Log In

Come Join Us!

Are you an
Engineering professional?
Join Eng-Tips Forums!
  • Talk With Other Members
  • Be Notified Of Responses
    To Your Posts
  • Keyword Search
  • One-Click Access To Your
    Favorite Forums
  • Automated Signatures
    On Your Posts
  • Best Of All, It's Free!
  • Students Click Here

*Eng-Tips's functionality depends on members receiving e-mail. By joining you are opting in to receive e-mail.

Posting Guidelines

Promoting, selling, recruiting, coursework and thesis posting is forbidden.

Students Click Here


Blade Element Momentum Theory

Blade Element Momentum Theory

Blade Element Momentum Theory

Hi there, im currently an undergraduate looking at trying out different airfoils for analysis to do with tidal turbine blades. I'm currently researching previous papers about blades that have been designed and they talk about using BEMT. They give all parameters required but I don't know how to input these or get results anywhere. The graphs/ answers they recieved were chord length(m)vs(r/R) and blade twist angle(degrees) vs (r/R).

The whole process is somewhat confusing at the moment and is causing me to stress a lot!

Any help on the matter would be much appreciated!

Thank you :D

RE: Blade Element Momentum Theory

sorry, but "no student posting" ... ask a prof/TA.

another day in paradise, or is paradise one day closer ?

RE: Blade Element Momentum Theory

The NREL has many pages of resources for you on their website, even a forum for their own analysis codes.


RE: Blade Element Momentum Theory

The reason for r/R is to make the analysis unitless. It is a common simplification for rotor analysis. First you need to understand that BEMT (Blade Element Moementum Theory) involves the combination of blade element and momentum analysis. First learn how to do these first. Gordon Leishman's book is a good primer on the subject. Sure, the book says helicopters but autorotation is what you need to know and the first few chapters work up this subject. Now don't come back until you graduate...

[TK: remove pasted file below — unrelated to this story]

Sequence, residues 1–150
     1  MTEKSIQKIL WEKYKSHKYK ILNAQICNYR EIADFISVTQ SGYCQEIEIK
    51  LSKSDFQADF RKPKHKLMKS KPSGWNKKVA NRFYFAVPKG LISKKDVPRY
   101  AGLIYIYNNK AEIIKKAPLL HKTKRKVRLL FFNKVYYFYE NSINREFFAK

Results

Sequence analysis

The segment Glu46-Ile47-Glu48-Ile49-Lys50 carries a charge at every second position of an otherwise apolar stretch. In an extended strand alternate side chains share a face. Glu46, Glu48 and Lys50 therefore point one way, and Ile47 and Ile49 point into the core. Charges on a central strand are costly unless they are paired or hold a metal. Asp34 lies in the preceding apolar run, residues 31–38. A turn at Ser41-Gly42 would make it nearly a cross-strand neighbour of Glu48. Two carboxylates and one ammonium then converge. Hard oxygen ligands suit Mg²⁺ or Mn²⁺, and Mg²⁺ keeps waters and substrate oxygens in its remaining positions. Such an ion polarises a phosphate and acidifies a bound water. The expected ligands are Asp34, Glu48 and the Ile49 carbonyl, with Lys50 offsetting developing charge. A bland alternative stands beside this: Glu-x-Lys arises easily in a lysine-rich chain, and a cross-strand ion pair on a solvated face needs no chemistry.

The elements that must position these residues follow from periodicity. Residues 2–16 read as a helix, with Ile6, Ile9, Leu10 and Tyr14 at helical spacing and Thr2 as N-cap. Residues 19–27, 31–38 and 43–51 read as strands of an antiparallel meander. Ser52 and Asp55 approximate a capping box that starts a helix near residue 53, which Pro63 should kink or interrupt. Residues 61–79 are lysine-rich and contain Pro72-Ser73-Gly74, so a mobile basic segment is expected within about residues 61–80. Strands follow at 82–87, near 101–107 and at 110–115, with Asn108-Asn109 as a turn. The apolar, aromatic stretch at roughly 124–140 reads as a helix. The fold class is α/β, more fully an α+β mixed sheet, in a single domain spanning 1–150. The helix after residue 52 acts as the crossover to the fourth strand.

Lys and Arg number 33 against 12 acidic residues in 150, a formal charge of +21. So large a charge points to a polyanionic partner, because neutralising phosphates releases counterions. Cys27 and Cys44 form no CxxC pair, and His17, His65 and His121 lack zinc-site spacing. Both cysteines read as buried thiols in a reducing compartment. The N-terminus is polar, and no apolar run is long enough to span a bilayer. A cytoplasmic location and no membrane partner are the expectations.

RE: Blade Element Momentum Theory

Since the turbine generate a pressure field upstream the blades of that turbine do not see the undisturbed flow field, they see a flow field that has already been modified by the turbine. So this created a circular problem: to estimate the modified flow field I would use 1D momentum theory and Bernoulli to estimate the flow speed at the rotor plane, but to know that I need to know the rotor thrust. To know the rotor thrust I need to estimate the modified flow field (i.e. the flow as seen by the blade) to apply the blade element theory. Like all circular problems one applies numerical methods, so one would iterate and voila you have an answer. This whole process is BEMT. Furthermore the theory with some additional assumptions gives an upper limit on power (the Betz limit) and can be used to estimate optimal blade geometry.

I took a quick glance at the wiki article http://en.wikipedia.org/wiki/Blade_element_momentu... and it seems accurate enough. Go ahead and read to indulge your curiosity but if this is an undergraduate project I would not implement your own BEMT code. To do it properly for wind turbines (which are basically the same as tidal turbines) there are several corrections that you need to apply. Furthermore like any numerical method there are all these different potential pit fall's you need to be aware and correct for to make a robust code required for general use. In other words implementing BEMT is too much work to complete within a typical under project time frame.

Instead I would use free code by NREL they use to have a stripped down easy to use version called wt_perf but I couldn't find it instead use https://nwtc.nrel.gov/AeroDyn. This should give you what you need to get the different forces.

Red Flag This Post

Please let us know here why this post is inappropriate. Reasons such as off-topic, duplicates, flames, illegal, vulgar, or students posting their homework.

Red Flag Submitted

Thank you for helping keep Eng-Tips Forums free from inappropriate posts.
The Eng-Tips staff will check this out and take appropriate action.

Reply To This Thread

Posting in the Eng-Tips forums is a member-only feature.

Click Here to join Eng-Tips and talk with other members!


Close Box

Join Eng-Tips® Today!

Join your peers on the Internet's largest technical engineering professional community.
It's easy to join and it's free.

Here's Why Members Love Eng-Tips Forums:

Register now while it's still free!

Already a member? Close this window and log in.

Join Us             Close